God bless you!

  37. Paul,

    I think you have a keen grasp on much of what is at stake here. Although I disagree with you on some crucial points, I really appreciated reading your article.

    Something for everyone to keep in mind: There is unity in diversity.
    Something for Paul to keep in mind: What you are referring to as “shame” is in actuality “guilt”. There is an astronomical difference in these two terms. Shame is a positive thing used by God to build us up in who He is. Guilt on the other hand is used by Satan to hold us down. I think the premise of this alone brings drastic change to such an article.

    Let us truly appreciate your thoughts, as I hope you would genuinely appreciate ours (those of us who tend to be swayed toward Piper’s thoughts).

    It is obvious that you and the “headliner” share the same end-goal. You just differ heavily in methodology.
    God Bless you, Paul. We as the church (universal) ought to thank Him for kingdom-changers such as yourself.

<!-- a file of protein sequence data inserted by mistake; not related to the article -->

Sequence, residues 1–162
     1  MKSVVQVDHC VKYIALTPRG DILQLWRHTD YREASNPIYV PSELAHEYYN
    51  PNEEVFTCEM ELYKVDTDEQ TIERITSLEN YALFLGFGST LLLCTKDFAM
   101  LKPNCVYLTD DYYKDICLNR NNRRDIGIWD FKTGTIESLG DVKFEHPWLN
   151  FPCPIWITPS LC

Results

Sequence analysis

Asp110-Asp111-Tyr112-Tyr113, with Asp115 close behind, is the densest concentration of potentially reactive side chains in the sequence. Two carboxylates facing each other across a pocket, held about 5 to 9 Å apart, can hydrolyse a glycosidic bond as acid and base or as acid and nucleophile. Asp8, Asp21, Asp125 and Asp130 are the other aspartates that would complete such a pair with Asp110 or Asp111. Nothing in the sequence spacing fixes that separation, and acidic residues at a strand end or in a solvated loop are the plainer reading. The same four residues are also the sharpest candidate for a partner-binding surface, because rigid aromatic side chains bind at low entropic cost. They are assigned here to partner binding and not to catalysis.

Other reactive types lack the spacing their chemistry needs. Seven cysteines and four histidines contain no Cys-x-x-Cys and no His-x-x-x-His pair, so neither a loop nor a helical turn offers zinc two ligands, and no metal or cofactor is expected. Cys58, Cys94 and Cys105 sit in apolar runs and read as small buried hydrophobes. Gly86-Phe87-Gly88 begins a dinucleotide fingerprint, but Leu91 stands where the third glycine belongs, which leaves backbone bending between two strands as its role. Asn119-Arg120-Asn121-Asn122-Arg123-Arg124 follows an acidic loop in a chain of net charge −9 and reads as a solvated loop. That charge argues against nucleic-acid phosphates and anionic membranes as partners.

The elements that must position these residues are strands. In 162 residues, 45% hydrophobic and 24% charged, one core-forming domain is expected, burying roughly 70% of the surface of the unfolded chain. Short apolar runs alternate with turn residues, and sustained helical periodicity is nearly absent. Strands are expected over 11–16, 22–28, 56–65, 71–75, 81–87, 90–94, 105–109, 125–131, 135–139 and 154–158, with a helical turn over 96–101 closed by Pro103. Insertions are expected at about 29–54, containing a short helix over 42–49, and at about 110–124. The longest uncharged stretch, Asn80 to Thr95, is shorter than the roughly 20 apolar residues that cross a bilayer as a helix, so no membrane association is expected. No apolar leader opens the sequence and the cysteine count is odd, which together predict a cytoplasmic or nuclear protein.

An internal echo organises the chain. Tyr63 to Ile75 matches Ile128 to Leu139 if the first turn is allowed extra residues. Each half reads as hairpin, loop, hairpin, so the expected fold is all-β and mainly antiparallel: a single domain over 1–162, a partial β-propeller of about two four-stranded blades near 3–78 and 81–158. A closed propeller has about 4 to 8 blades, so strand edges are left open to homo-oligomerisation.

In Jesus’ Joy,

    Timothy Andrews.

    • Thanks for the link Louis. Great to see this conversation is still going!

      I think John Piper is so close to getting it with the article you shared but doesn’t quite get there.

      The examples he used of ISIS and a crap load of money are very extreme and this suggests that he believes that addiction is a matter of priorities. Of course anyone faced with those two situations would have self control. But by explaining addiction in those terms he is reducing the idea of addiction simply to one of choosing one thing over another.

      An addict will know the dangers of using. But that is never enough to stop them in the moment. Sure, short term if someone is waving a million dollars in your face you will have control. But tomorrow, the fact that looking at porn again would hurt your wife and could cause you to lose your family won’t have any effect.

      As sad or as sinful or whatever way we choose to label it as that is, it’s the sad reality.

      The idea of simply choosing to love Jesus more is also dangerous since the addict to some extent has no control over their actions. This then will cause shame which will lead to medicating even more.

      Jesus may well be the answer but not simply through the act of seeing Jesus as more beautiful than porn (or any drug).